The interests and skills of each participant are used and developed, and in the meantime, relationships are built between the participants.

Some meetings can also become Working Groups.

In such cases, a main theme (e.g. the lack of adapted care centres, security aspects, the end of life choices) is discussed and ideas, projects and initiatives are being created by the participants.

These themes are also discussed with the ‘Fighters’ carers, in order to put the different perspectives and points of view in common and to take efficient decisions.

P21.4. Actions offered to help young people with dementia

Judith Mollard

France Alzheimer Association has been working actively on the specific problems of people under age 65 with dementia for several years.

If the sick young people are minority and thus often forgotten in speeches on the disease, they know particularly painful situations.

Specific problems exist connected to the difficulty of the diagnosis, to the access to the devices of coverage(care), to the incidence of the disease on the professional, family, social and financial life, to the absence of legal framework, etc.

However a lot of them want to do as much as possible to have themselves heard in order to change the negative way in which people perceive them and the stigmata linked to people with neuro degenative disesases.

After the study undertaken in 2011 on the young patients' attitude to the disease, France Alzheimer Association continues its action in 2012 through' different ways:

By editing a brochure entitled "Listen to us differently" that for the first time in France lets the patients express themselves and thus, allows us to perceive in a different way their experience of the disease and its everyday impact on their life.

By defining the actions undertaken by local associations in favor of young patients and family caregivers. For instance:

Vacation packages for 14 young couples organized every year in a different place and offering numerous sports and cultural activities.

This year, one of the young patients offered a ride by donkey.

A theatrical show played by volunteers, family caregivers and young people with dementia. This show is the result of a eighteen-month period training which allowed the patients to stage the texts that they had written about their experience of everyday situations. Each performer of the text was assisted by a prompter.

We'll define the specificities of these actions that enable the patients to keep involved, to continue having a place and projects in society by maintaining rich social relationships in spite of their handicaps.

P21.5. Three-times Stigmatization

István Kappéter

Stigmatization for having AD with a lot of other diseases

My newest stigmatization is caused by the fact that I have “mild cognitive impairment with forgetfulness plus”. I have a pacemaker, my gall bladder has been removed because of a benign tumor of the Vater papilla, I have arthritis in my knees, prostate enlargement, eczema and lumbago.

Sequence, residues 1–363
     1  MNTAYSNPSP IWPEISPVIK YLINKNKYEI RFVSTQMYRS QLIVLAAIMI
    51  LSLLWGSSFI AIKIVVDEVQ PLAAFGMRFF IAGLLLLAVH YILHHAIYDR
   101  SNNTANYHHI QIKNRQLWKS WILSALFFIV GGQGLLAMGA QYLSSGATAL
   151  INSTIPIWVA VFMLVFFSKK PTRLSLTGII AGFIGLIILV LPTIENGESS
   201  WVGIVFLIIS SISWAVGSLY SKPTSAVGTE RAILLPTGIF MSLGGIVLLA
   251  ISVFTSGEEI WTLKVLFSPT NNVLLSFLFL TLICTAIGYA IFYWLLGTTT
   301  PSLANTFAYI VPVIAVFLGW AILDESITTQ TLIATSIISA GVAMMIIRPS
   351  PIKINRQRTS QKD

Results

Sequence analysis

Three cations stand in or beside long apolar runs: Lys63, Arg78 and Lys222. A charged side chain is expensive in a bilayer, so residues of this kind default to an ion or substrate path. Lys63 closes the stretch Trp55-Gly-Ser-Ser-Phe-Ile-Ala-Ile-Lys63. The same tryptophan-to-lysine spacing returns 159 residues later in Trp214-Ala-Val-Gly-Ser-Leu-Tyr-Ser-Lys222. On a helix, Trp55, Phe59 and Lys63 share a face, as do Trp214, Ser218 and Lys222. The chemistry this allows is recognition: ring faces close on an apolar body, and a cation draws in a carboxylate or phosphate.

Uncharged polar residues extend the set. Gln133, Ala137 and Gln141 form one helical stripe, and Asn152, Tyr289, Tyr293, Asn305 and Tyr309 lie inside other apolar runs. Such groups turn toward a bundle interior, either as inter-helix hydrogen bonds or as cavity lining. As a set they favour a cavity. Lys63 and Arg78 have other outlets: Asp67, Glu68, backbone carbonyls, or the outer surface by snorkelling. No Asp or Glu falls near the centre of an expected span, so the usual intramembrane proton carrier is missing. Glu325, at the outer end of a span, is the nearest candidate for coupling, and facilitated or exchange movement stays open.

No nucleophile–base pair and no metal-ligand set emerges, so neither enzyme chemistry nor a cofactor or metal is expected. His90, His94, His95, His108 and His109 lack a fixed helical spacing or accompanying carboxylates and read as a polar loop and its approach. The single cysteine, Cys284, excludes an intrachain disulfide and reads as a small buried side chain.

Stigmatization for wanting revolution in the medical sciences and practice

I believe in the rehabilitative concept of the Hungarian unified special teaching that harmonizes with the concept of dynamic psychiatry. We think that from the beginning of all treatments the most important aspect is the patients’ happiness, their future opportunity to integrate themselves in society. The majority of the leaders believe today, that in health service the first task is to find the problems and to heal them. They stigmatize us, for we disturb their respect.

Stigmatization for realization of the inevitable end of industrial age

I was always anticommunist and critical with capitalism. The communist Hungarians are willing to accept and help the multinational enterprises and the leaders of larger powers in exploiting people. They believe that the market economy with parliamentary democracy is the everlasting form of the societal systems. I, and the majority of Hungarians believe that only radically new concepts will allow us to find better societal systems. The majority of the leaders of humanity think that we are dangerous for them, therefore stigmatize us.

We can be, and have to be happy with the stigmatizations

We can be proud of living well after we were able “to stand up, to will, to do” with our dementia and other diseases. We can achieve the acceptance of the majority of people better than earlier, because we are able to realize more than earlier, that we have to be modest.

We can be proud, if we are among the pioneers of the science who were generally persecuted, sometimes crucified, but later recognized as extraordinary great and useful human beings. We can feel excellently well, when we find partner in love and in work with us, and when we find small groups where we discuss the new concepts and methods.

We can be proud if we are for the radical changes, because we know it is always the revolutionists who can help in the development of humanity. We can enjoy when we come together, or have interesting discussions on the Internet with other revolutionists.

I was always rather a happy man, but I am even happier today than earlier

I thank my wife, whose task of taking care of me and loving me is not easy at all. I thank my family doctor, my neurologist friends, the psychologist who treat me, and our Alzheimer Society where I have a lot of advice and saw examples to how to live my life. I thank my co-workers who help me a lot. I thank my patients who are fond of me. I thank my parents, step-parents, the other members of my family, and my masters in special teaching, in psychology, in neurology and in psychiatry, for they helped me to elaborate a concept of living life that helped me a lot. I thank the communists who stigmatized me as an alien to the working class, and forced me to work more, and to change my jobs more frequently, than other people do.



Last Updated: Thursday 15 November 2012